In response to questions from Slate, Facebook’s Director of Accessibility Jeff Wieland wrote, “We work hard to make it possible for anyone, regardless of ability, to access our family of apps. Many of the issues described focus on screen-reader compatibility, an aspect of accessibility that the tech industry is still working hard to solve. We know there’s more work to do and we’ll improve—but the issues raised don’t tell the full story of our contributions to accessibility nor the state of our products.”

Facebook has touted a handful of advances in recent years, like its alt-text feature that uses artificial intelligence to describe what’s in photos on Facebook and Instagram. It’s also promised to make Facebook and Instagram Stories accessible. But blind users stress that even the fixes that Facebook has made haven’t significantly improved the overall experience. “Having alt-text that says ‘image may contain child’ doesn’t help me participate in the conversation,” Chemel said.

In the U.S., there are thousands of lawsuits each year over accessibility online, but there remains ambiguity over what, exactly, operators of websites and apps must do for their blind users under the Americans with Disabilities Act. (For a broad look at this landscape, this law journal article about web companies’ responsibility for accessibility is worthwhile.) Still, it is generally accepted in the tech industry that websites and apps, particularly ones as important to participating in social life as Facebook, should be accessible—and an important part of that is screen-reader compatibility.

This takes testing to make sure that a site or app’s navigation cues are properly syncing with accessibility programs. It’s also understood to be the responsibility of every company, not just the ones that make screen readers. “VoiceOver is a static thing,” said one former Facebook employee with direct knowledge of how compatibility issues at the company are fixed. Because thousands of apps are available for Android and iPhone, it would be untenable for a phone’s features to be changed for each app that presented a new accessibility challenge.

As a result, every internet company faces issues with screen-reader accessibility. Among the larger tech firms, disability advocates say they’re impressed by the resources Google dedicates to accessibility, but even there, issues for blind users have abounded. “Google overall has become less accessible over the years. Android has gotten better,” says Sina Bahram, a blind user and the president of Prime Access Consulting, a firm specializing in inclusive design. (He stressed that Apple’s efforts on iOS far exceed Android’s progress on accessibility.) “Microsoft has gotten less accessible over the years. Office is less accessible. Skype has gone from usable and workable to a hot mess.” Even though Google, Microsoft, and Apple “have all made vast leaps forward” in working with disability advocates and pushing through lots of improvements, Bahram said, “I believe that in every tech company of scale there are going to be numerous pockets where accessibility isn’t happening or is under-resourced or inconsistent.”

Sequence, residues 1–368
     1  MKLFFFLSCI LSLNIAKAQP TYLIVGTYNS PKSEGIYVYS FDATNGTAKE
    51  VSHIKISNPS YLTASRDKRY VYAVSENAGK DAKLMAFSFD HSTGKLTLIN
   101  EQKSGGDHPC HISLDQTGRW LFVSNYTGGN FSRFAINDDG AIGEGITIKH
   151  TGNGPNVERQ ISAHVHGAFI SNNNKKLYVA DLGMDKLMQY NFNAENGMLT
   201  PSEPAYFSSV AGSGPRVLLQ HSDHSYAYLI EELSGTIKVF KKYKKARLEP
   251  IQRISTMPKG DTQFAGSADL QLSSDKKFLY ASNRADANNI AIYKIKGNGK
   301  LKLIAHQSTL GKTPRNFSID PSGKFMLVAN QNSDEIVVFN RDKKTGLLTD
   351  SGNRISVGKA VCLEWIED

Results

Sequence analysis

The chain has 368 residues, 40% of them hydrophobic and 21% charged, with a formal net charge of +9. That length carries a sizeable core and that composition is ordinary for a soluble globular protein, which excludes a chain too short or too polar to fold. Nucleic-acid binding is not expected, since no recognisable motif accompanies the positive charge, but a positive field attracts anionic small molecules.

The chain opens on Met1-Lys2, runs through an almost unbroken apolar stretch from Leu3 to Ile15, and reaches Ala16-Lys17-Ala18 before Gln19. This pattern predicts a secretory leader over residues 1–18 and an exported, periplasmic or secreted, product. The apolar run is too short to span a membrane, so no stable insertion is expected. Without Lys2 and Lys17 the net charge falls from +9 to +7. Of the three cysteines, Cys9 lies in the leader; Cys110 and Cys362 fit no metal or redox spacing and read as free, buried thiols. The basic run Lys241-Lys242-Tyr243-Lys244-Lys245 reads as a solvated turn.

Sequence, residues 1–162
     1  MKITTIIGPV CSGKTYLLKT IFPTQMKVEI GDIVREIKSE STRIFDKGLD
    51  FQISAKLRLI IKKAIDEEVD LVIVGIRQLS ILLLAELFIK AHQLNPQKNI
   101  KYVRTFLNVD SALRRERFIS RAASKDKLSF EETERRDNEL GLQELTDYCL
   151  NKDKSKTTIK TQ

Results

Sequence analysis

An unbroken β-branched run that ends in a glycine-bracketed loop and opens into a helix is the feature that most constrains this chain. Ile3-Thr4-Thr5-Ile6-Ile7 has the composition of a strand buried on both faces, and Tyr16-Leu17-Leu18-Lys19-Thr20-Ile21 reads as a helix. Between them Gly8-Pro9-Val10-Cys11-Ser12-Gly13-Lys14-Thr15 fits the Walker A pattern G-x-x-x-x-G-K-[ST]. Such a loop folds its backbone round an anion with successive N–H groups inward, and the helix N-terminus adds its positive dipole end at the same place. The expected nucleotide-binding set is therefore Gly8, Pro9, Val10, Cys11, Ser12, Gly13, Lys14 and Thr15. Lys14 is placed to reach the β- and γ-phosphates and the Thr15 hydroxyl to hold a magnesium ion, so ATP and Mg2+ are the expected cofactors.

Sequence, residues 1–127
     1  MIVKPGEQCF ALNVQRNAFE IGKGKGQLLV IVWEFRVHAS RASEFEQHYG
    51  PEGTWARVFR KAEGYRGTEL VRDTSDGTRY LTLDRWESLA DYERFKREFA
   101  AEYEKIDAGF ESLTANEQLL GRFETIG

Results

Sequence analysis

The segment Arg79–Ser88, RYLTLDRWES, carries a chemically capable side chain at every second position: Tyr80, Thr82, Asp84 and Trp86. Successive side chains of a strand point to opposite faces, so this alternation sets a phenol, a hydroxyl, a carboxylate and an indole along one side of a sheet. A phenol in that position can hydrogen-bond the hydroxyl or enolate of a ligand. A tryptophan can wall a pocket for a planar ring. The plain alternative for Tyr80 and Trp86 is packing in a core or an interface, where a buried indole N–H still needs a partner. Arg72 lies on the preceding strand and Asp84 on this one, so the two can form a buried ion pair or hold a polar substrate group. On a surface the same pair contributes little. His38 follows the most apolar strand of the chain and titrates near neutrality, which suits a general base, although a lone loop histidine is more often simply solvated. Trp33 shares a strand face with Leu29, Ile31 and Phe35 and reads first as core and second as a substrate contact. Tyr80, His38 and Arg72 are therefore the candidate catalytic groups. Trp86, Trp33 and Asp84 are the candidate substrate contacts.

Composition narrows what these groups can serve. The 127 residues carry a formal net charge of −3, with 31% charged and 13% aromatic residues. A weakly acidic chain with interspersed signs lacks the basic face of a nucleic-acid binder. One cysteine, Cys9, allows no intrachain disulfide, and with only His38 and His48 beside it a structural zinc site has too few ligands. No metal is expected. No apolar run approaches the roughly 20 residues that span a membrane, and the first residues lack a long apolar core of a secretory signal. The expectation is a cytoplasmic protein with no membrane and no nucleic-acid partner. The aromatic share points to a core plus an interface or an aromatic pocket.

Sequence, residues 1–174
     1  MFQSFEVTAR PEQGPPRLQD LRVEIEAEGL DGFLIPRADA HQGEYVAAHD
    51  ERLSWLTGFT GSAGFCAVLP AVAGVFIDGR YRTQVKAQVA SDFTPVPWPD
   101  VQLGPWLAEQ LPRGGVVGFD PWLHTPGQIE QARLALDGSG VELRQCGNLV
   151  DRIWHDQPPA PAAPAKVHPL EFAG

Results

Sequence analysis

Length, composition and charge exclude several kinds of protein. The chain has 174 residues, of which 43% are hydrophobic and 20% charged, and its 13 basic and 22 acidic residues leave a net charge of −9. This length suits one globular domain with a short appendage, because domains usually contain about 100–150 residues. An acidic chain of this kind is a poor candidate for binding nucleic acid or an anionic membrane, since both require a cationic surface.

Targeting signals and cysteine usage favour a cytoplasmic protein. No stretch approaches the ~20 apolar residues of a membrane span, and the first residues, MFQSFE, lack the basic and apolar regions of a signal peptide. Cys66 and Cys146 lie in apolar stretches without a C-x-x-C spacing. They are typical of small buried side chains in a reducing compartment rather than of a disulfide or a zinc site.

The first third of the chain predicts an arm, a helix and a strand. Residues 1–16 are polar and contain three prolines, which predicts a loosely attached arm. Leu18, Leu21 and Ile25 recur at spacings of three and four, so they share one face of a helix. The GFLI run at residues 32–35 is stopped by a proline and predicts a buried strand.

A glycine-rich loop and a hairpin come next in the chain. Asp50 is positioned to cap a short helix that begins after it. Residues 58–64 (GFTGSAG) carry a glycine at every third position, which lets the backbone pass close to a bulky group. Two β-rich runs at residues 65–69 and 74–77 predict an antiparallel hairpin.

Are Facebook’s problems with accessibility worse compared to its peers? Multiple former Facebook employees believe they are—and all of them questioned whether the company is doing enough. They said that the team that makes accessibility features at Facebook has rarely, if ever, comprised more than 10 people in recent years, and that this team works on issues across Facebook and Instagram. Instagram only had one employee whose responsibilities explicitly included working on accessibility at the start of this year, according to three sources who used to work at the company. Currently, it’s not clear if anyone at Instagram is specifically dedicated to working on accessibility at all. The former employees told me that Facebook and Instagram both have knowingly released features that aren’t accessible to users who are blind, and that at other times they’ve released features without doing proper accessibility testing. (They requested anonymity because they weren’t authorized to speak to journalists about their previous employer.)

“Yes, they roll out new features on Instagram without doing any accessibility testing,” one recent former employee with direct knowledge of the accessibility efforts told me, adding that this has happened as recently as earlier this year. (Google has a dedicated team working on accessibility issues, as well as separate accessibility teams for many of its products, like Search, YouTube, Chrome, and more. It’s unclear how big those teams’ headcounts are, and Facebook did not specify how many people it has, or has had, working on accessibility issues at the company.)

On the user end, alerting Facebook to accessibility issues can also be difficult. There’s a page on the platform called Facebook Accessibility, but followers can’t post requests for help there. The result is hundreds of comments on nearly every post on the page. Below one announcing that a bug in Messenger had been fixed, commenters vented about other bugs affecting screen readers. (“I really feel so left out, I know that sounds silly but everyone else is able to share their friendversarys, And all that stuff that they put there and I never can,” a user named Jerri wrote.) There’s also a Twitter account, but it hasn’t shared an update on Facebook’s accessibility work since the end of 2018. There’s a form for flagging accessibility issues in the Facebook Help Center, but the link to it is nestled in the middle of a page about Facebook’s various accessibility options. Only one blind user I spoke to for this story was aware of the form.